Proximics and Spatial Relations

When you meet with people do you ever take into consideration the layout of the room you are meeting in? For example, do you look to see if there are barriers to effective communications which, while not always intentional, can greatly reduce the effectiveness of the meeting?

A simple example is when there is a meeting between representatives of two companies in a room and they sit across the table from each other. The table in between the two sides represents a barrier from effective communication as one side (or both) will feel the other side needs the big table as protection. While this isn’t always a conscious thought, subconsciously, this barrier can make any compromise difficult, if not impossible.

If someone comes into your office to meet and you are sitting in a plush chair behind your desk and the visitor is sitting in a vastly inferior chair on the other side of your desk, this sends a strong message. Instead of meeting in this environment, if at all possible, situate your office in a way so you can meet with people on the same level, sitting on comparable chairs with nothing in between.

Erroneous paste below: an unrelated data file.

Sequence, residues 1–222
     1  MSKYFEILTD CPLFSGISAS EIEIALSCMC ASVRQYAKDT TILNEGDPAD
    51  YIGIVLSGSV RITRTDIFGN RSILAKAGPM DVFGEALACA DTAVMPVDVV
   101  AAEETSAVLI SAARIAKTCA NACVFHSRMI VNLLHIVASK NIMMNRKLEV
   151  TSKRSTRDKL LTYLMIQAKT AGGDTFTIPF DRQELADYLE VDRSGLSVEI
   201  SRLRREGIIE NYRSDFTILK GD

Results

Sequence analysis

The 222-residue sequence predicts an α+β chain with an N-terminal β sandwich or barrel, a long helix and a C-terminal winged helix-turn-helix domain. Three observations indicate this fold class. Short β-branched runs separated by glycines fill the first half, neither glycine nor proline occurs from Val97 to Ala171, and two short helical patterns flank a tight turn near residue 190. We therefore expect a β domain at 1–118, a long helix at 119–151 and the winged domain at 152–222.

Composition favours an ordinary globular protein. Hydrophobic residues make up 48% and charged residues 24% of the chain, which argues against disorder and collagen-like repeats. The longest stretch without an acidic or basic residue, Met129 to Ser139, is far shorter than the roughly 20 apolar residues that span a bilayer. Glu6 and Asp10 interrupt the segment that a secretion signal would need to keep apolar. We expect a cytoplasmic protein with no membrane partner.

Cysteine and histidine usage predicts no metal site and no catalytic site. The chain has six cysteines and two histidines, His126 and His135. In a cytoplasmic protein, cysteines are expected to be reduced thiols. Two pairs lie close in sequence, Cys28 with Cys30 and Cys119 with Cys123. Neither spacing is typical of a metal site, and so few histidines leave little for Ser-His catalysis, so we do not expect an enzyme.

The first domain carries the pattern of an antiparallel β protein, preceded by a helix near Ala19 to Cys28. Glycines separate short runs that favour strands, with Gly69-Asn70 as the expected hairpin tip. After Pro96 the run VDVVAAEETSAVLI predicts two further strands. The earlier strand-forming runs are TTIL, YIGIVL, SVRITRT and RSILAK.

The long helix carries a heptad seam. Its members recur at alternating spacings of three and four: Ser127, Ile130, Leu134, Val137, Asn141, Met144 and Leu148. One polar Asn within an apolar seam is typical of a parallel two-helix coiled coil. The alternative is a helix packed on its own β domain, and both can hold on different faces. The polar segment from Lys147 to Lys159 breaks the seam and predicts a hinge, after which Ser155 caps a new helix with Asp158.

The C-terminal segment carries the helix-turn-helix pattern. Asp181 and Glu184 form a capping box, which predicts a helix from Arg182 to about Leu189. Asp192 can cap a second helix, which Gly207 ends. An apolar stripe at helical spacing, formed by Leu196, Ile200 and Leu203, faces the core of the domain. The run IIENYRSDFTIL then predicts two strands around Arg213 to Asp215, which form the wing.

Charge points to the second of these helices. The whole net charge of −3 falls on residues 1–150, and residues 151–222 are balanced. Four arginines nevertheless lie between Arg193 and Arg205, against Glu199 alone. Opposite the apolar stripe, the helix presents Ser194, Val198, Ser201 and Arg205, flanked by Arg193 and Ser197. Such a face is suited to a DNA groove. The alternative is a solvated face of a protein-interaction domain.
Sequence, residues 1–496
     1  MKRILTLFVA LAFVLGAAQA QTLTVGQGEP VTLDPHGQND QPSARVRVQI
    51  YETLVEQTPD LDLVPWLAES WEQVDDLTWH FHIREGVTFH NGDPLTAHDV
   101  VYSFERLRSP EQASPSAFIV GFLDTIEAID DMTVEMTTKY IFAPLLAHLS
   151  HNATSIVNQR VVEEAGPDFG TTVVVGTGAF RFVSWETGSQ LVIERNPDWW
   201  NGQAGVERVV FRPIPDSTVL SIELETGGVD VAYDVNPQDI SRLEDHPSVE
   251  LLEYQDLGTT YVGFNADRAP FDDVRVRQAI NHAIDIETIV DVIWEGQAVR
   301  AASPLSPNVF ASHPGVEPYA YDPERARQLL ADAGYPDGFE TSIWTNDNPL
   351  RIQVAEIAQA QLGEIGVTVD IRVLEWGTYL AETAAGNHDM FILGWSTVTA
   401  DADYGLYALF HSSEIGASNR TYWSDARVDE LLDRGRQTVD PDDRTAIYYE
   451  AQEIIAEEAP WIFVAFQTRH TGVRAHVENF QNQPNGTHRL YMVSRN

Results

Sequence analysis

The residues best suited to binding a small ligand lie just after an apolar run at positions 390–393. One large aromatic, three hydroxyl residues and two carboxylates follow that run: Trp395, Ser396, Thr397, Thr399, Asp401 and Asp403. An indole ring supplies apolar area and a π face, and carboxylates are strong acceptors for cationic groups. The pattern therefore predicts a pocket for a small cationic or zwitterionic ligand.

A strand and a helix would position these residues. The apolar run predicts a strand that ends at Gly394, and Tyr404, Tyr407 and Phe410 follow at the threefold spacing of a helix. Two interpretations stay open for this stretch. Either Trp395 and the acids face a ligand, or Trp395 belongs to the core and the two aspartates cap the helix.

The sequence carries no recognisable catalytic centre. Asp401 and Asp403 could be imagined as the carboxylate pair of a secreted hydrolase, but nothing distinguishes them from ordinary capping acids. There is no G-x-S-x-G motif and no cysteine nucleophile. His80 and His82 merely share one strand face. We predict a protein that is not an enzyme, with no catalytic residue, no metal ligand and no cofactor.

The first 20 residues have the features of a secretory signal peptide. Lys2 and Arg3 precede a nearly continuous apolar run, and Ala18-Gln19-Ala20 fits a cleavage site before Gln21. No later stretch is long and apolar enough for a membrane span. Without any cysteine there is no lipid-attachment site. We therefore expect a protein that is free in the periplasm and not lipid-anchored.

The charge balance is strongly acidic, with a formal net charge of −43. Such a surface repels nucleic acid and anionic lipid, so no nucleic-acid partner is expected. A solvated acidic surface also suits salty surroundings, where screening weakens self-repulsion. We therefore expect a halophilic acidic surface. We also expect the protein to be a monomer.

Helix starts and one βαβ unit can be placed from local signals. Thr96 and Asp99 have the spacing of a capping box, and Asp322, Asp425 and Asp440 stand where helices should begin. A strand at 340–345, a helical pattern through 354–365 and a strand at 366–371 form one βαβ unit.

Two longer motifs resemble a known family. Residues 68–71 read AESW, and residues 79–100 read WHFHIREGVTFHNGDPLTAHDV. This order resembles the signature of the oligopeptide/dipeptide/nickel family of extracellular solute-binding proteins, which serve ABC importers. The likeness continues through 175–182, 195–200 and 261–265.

Realize when you are speaking with a child, if you are in a situation where you need to demonstrate dominance, you are going to look down on them, which will demonstrate your superiority. However, if you are trying to comfort them and have more effective communication, you will get on their level so it’s no longer an intimidating situation. The same applies to business communication. Physically speaking down to people (by being on a higher level) is just as intimidating as speaking down to people in your use of words.

If you are in negotiations with a company and there are three people from your side and three from their side in a board room, rather than have your three people sit on one side of the table and the other three sit on the other side of the table, spread out evenly so there are people from the different companies sitting next to each other rather than always across from each other (on the other hand, if this is an adversarial meeting, you might intentionally keep the groups on opposite sides).

When communicating one on one, do what you can to remove barriers between you (physical barriers) and speak from the same level whenever possible.

Proximics and spatial relations are fascinating subjects and this is just touching the very tip of the subjects. I would strongly recommend people research more on these subjects to become greater communicators.

Have a great day.

Lawrence

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